What’s alarming about the number of celebrities and influencers involved in the selling of skin bleaching products is the lack of uproars and protest against the majority of these people who amplified the market. There’s a Yoruba proverb that translates to “The insect that’s biting the vegetable plant is at the root of the plant.” For as long as we continue to amplify and create room for the bleaching cream market to grow and expand in West Africa, we will continue to attract unwanted guests from all over the world who are willing to sell to us. With a vast of the skin bleaching brands used coming from SouthEast Asia, it is no secret to the rest of the world that these products are very profitable in Africa.
While acknowledgment of the degree and impact of the epidemic is a step in the right direction, we still have a lot to do to really beat off the beast that has been bullying our community. We have to start moving away from the Eurocentric standards of beauty and rewriting our own standards that encompass our natural beauty and strength: Our home, our rules! our beauty, our standards! This includes staying away from asking young girls questions like “why is your skin so black” “why does your face look so rough” and so on. It is time we move away from the backward thinking of “the fairer, the better”. Fairer skin is not synonymous to being successful, elite, or superior to darker skin.
We have to start moving away from the Eurocentric standards of beauty and rewriting our own standards that encompass our natural beauty and strength: Our home, our rules! our beauty, our standards!
We also have to start educating young women and men about the repercussions of skin bleaching and the acidic agents involved. It’s time our governments take a stronger stand in prohibiting the epidemic that is slowly killing us inside and outside. Countries like Ghana, Senegal, and South Africa have taken the lead by banning dangerous percentages of hydroquinone, but many home companies are choosing to ignore the bans and guidelines. It is also important that our governments are attacking ad campaigns and commercials used to market these products to our people. If companies are insisting on profiting off the effects of our tragic past then our intervention should target how they are reaching us. Ad campaigns like the Nivea and Dove commercials should be swapped out with informational campaigns about the effects of skin bleaching.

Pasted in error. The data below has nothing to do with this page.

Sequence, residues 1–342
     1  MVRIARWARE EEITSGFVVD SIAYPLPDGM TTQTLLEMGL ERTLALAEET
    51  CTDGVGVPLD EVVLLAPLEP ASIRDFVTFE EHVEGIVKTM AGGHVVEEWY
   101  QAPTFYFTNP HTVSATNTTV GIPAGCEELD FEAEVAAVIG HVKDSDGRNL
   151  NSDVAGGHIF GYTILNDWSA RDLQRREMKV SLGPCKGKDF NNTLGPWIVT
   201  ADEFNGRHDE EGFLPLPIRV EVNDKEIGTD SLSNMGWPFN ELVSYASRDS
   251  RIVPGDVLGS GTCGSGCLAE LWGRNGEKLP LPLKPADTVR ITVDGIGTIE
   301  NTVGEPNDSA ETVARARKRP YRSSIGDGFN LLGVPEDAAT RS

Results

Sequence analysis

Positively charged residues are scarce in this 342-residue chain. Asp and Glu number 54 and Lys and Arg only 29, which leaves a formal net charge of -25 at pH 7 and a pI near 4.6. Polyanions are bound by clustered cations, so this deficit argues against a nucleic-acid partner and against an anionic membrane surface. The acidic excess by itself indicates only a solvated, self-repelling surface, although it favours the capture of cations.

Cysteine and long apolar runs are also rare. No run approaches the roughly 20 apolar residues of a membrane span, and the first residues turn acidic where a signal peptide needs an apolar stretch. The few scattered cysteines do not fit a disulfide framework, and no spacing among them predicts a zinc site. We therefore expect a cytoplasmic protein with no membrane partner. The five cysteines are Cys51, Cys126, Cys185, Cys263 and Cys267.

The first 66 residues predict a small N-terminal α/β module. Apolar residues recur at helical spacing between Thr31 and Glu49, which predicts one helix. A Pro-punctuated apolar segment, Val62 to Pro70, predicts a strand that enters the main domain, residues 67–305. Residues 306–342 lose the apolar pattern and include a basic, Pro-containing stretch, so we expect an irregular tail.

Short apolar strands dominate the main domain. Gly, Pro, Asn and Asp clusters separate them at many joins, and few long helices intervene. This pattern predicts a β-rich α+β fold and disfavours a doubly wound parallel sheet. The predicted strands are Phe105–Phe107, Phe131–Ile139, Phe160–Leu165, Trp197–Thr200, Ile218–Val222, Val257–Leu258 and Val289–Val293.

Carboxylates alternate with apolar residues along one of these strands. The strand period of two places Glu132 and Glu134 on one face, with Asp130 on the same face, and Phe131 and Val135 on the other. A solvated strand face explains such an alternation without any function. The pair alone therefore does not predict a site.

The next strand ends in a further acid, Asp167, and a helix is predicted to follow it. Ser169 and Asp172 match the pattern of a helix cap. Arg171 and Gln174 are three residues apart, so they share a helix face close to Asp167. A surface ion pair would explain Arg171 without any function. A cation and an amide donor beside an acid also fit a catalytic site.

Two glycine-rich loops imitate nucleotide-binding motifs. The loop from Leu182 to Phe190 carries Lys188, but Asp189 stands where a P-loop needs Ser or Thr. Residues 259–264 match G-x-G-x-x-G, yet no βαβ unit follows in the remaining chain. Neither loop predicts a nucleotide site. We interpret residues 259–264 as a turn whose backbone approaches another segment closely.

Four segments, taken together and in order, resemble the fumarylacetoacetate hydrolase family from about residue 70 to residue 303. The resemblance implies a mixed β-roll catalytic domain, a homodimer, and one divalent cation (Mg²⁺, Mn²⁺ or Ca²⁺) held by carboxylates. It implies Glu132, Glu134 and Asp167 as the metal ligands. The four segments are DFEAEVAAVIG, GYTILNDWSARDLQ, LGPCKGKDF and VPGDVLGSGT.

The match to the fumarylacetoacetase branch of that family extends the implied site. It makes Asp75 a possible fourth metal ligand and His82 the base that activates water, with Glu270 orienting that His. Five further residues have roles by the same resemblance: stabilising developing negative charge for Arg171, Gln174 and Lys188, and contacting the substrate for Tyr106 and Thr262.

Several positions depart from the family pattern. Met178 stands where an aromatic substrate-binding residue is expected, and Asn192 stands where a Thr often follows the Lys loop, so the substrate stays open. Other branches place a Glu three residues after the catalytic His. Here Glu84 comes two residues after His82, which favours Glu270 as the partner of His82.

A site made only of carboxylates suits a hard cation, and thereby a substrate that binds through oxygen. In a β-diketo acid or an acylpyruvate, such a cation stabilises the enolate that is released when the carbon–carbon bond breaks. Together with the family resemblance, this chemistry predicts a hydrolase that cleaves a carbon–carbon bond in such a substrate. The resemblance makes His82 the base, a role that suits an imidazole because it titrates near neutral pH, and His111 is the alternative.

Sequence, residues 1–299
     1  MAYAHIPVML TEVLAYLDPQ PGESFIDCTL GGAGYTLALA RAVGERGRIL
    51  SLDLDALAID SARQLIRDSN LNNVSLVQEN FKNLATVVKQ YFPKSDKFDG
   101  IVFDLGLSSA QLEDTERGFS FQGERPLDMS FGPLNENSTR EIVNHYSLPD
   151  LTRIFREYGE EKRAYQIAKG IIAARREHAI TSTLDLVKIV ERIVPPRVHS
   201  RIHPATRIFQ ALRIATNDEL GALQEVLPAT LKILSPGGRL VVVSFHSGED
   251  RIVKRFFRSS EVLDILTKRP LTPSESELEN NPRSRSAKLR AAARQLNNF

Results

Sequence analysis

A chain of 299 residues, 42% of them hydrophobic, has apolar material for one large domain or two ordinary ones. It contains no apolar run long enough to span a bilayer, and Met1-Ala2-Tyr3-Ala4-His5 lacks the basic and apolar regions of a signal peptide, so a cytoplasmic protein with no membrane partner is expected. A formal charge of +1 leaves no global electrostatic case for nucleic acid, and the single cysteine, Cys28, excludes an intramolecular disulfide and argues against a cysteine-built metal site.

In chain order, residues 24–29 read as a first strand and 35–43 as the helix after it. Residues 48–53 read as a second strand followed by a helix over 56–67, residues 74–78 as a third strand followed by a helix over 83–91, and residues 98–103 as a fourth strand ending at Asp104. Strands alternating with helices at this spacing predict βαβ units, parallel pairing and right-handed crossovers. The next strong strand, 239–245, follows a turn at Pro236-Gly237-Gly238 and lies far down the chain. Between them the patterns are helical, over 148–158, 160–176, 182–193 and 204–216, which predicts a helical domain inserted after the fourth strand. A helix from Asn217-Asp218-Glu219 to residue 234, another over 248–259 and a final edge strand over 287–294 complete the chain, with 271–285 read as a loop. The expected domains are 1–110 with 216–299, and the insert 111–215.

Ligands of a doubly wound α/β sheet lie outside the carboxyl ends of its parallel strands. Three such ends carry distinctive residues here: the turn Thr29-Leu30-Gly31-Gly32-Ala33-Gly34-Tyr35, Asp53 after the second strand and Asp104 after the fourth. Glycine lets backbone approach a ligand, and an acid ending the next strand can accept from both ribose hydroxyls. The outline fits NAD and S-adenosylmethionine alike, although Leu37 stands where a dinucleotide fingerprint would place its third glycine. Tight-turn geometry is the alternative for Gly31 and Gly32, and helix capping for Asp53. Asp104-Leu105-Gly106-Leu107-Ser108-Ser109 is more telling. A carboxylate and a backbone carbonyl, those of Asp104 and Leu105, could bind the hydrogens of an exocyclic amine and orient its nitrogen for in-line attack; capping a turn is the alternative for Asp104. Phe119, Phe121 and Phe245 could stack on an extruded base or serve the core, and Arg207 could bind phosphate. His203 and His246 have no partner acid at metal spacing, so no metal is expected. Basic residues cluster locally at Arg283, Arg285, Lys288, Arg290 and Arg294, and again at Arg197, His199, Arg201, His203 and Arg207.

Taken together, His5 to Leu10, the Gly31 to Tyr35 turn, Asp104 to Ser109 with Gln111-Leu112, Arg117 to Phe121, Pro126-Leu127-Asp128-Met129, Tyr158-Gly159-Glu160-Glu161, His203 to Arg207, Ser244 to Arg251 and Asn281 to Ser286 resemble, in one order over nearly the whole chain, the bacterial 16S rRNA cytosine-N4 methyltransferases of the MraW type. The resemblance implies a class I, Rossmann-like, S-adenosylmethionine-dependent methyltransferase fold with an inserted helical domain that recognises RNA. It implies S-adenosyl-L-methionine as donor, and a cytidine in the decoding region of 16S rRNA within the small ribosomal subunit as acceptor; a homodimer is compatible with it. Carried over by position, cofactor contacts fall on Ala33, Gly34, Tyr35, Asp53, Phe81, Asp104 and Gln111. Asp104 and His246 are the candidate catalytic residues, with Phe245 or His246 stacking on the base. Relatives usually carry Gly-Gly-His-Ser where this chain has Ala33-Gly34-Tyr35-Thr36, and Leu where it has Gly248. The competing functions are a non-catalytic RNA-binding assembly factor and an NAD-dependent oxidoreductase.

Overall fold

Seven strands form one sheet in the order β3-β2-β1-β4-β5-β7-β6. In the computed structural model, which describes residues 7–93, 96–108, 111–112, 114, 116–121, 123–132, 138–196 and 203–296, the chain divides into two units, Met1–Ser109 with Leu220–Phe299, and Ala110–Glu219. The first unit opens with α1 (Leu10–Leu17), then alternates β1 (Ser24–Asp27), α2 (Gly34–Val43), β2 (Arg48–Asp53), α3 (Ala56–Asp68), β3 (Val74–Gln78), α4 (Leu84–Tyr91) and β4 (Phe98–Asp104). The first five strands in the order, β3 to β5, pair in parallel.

We also need more influencers and celebrities that are publicly against skin bleaching. Over the past years, artists like Fela Kuti, Patoranking, and Olamide have made songs speaking against skin bleaching amongst black women. In a business with over 30 known celebrities selling these products, we need more than 2-3 celebrities speaking against bleaching and flawed beauty standards.
While the full solution of the epidemic of skin bleaching will not come overnight, now is the time we start implementing more than 140 characters of utter disgust and disappointment. The real truth is that the only way we can avoid people like Blac Chyna coming to our community and sell us toxicity is if we take a real stand against skin bleaching and get rid of the multi-million dollars market that we have created. Blac Chyna may or may not make it to Nigeria because of the outrage and uproar she is receiving currently, but as long as we keep the market profitable there is another stranger willing to come into our home to set rules and standards that will ensure we are never free from the beast.